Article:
The track peters out into a muddy path, ripe in spring with the smell of wild garlic. By a trickle of a stream there is a signpost. Bear left and up the hill (signposted to Wells). At the top of the hill you come to a stone stile at the western edge of the woods. Cross three fields. At the edge of the fourth the path turns away from the edge of the woods and strikes diagonally across three small fields to reach Thrupe Lane at a stone stile (grid ref. ST599452). Walk south west along the lane for 150m then right onto a path across a field by a tumbledown barn. At the far side of the field bear left onto West Lane (grid ref. ST596452). Initially the lane is a mere couple of ruts in the ground between hedges. As you go down hill towards Croscombe the track gradually improves and finally becomes a metalled road near the edge of the village.
Croscombe boasts many interesting old buildings. The ones most worth looking out for are Higher Mill, Croscombe Old Hall, and the former wool mill chimney, surrounded by trees, the buildings it provided power for long gone. From the shallow s-bend in the middle of the village by the George Inn, take the right hand fork of the two lanes starting on the south side of the main road, by the chapel. Walk quite steeply up hill for 150m, then turn into the drive of a cottage on the left hand side of the road. Follow the footpath which starts at the far end of the drive (grid ref. ST587442) and continue much more steeply up hill. After about 200m you reach a rough and narrow stony track. Bear left here and continue another 200m until you reach the top of Duncart Lane, by the small reservoir which feeds the village of Croscombe. Turn right here and continue for 100m until you reach the Old Wells Road, which follows the crest of the hill.
Follow the left hand of the two footpaths, which converge on the other side of the road junction, and walk in a southbound direction for 200m until you reach Dungeon Farm (grid ref. ST590435). Turn left after passing a large chicken shed to join the main track to the farm. At the end of the farm buildings leave the track for a footpath, which crosses a small field and under a disused railway (the former Great Western branch from Witham Friary to Wells). Cross the large field on the other side of the railway, walking south to reach a stone stile on the south eastern boundary of the field. The path across the next field skirts the side of the Friar's Oven. The hill is a Site of Special Scientific Interest.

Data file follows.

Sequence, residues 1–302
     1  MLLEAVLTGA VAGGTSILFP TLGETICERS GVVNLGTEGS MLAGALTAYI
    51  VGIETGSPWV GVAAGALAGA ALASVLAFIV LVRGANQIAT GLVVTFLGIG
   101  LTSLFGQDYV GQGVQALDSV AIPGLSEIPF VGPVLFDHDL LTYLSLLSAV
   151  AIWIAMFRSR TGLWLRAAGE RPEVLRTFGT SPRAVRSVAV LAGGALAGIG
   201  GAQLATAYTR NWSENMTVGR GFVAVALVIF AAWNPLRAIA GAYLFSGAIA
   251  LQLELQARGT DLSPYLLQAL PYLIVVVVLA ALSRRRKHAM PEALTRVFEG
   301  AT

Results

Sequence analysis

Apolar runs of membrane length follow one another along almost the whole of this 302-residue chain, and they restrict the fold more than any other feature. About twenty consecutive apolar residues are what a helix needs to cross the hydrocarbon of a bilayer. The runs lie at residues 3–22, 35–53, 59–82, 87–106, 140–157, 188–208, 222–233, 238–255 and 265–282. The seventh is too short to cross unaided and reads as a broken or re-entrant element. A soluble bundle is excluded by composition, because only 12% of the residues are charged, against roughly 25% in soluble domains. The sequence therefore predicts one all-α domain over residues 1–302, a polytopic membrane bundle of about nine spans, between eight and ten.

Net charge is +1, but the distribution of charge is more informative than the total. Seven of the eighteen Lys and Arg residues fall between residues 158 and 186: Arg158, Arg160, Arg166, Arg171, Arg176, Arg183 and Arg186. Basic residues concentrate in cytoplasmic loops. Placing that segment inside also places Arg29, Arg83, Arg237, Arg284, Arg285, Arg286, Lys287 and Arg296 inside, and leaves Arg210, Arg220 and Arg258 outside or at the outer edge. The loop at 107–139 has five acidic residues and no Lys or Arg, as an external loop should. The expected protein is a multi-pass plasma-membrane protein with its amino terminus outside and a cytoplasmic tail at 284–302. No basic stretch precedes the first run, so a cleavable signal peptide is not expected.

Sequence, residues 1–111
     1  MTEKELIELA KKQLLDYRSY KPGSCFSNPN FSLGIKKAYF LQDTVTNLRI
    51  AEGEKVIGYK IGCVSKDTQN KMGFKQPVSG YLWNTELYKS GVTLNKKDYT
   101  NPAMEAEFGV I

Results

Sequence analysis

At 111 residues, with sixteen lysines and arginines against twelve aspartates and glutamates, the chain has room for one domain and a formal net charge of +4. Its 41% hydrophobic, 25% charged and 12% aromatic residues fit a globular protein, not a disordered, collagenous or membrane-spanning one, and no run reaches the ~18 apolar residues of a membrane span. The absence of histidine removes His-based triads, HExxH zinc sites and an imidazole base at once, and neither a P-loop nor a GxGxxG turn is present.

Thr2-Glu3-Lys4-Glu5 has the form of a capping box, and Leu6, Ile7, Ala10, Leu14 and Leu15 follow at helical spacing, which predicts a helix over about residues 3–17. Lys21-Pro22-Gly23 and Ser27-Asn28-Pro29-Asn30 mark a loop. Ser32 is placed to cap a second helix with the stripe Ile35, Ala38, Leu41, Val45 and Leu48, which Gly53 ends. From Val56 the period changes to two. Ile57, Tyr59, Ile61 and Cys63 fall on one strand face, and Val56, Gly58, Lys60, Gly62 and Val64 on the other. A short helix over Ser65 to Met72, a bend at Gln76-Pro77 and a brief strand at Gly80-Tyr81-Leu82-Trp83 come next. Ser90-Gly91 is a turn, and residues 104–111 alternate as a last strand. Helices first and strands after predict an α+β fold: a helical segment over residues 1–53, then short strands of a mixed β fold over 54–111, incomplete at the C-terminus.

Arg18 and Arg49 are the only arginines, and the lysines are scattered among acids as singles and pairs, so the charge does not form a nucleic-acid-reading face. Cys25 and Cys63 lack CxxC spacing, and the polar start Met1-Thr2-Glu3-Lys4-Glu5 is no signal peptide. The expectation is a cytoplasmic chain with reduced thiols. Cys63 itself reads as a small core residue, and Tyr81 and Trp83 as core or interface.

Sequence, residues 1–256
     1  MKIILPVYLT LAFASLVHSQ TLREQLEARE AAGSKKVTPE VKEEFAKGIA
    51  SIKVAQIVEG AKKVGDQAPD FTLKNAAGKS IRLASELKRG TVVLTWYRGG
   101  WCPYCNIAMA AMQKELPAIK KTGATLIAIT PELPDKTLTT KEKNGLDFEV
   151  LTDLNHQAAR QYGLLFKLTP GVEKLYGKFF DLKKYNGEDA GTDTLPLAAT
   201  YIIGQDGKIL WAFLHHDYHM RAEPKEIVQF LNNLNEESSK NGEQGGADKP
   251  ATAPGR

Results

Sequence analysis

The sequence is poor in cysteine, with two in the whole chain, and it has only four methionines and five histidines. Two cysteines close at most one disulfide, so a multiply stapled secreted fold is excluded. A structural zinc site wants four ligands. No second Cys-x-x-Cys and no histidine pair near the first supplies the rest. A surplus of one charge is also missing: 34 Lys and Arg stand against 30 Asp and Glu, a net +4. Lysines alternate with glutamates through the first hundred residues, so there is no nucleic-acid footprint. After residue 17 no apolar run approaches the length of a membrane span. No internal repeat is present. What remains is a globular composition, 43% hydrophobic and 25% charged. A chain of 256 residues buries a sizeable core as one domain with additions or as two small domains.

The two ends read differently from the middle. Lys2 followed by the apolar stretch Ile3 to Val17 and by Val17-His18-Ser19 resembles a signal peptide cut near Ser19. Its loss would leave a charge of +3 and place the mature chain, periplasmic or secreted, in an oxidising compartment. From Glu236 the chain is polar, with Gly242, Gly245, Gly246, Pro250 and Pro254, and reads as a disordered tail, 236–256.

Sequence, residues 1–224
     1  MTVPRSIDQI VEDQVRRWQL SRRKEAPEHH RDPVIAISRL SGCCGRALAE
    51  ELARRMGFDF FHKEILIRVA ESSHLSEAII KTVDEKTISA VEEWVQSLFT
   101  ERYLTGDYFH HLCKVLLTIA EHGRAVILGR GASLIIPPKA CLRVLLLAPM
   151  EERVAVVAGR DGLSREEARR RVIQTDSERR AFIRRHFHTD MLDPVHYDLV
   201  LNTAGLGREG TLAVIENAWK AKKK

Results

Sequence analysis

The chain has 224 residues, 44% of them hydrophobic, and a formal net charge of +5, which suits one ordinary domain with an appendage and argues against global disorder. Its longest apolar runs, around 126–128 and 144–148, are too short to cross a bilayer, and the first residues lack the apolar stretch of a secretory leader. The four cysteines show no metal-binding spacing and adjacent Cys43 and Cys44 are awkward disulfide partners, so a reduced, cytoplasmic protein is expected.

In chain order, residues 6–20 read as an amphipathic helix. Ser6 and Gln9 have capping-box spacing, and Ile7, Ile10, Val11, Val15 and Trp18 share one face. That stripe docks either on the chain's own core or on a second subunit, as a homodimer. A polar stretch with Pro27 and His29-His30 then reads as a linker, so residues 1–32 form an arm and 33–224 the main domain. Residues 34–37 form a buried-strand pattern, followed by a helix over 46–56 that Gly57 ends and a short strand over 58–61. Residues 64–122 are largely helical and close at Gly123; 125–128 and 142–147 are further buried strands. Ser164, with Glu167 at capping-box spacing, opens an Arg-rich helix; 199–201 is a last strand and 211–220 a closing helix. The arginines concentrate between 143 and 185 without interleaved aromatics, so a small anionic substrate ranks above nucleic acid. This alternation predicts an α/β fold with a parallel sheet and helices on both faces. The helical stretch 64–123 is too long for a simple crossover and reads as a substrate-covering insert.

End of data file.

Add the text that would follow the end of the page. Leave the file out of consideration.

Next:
The top of the hill provides extensive views towards Glastonbury Tor and across the Somerset Levels. Continue in a SSE direction downhill, crossing two more fields to meet another footpath (grid ref. ST592427) on the south side of Knowle Hill. Bear right and continue downhill in a SSW direction along the right hand side of a long narrow field until you reach a gate, which opens onto the bend of a narrow lane.
Turn left into the lane and follow it as it curves around the bottom of Knowle Hill. After 500m fork right into Mill Lane (grid ref. ST596426), a rough track, and follow the track to where it meets the Ridge Road. Bear left here and after 80m right down the track leading north west towards Shepton. After two fields where the track swings to the south east (grid ref. ST604431), continue in the south east direction to where it joins the track bed of the old Great Western Railway and onto the B3136 on the outskirts of Shepton.
Walk past the football ground and the junction of the Old Wells Road, then fork left at the King William pub. The former workhouse, one of the grandest of the many Victorian buildings in the town, is just off to the left, now transformed into luxury apartments. Turn left and walk down Coombe Lane which contains a number of quaint old cottages and an impressive former silk mill, to arrive back at the starting point of the walk near the Horseshoe Inn.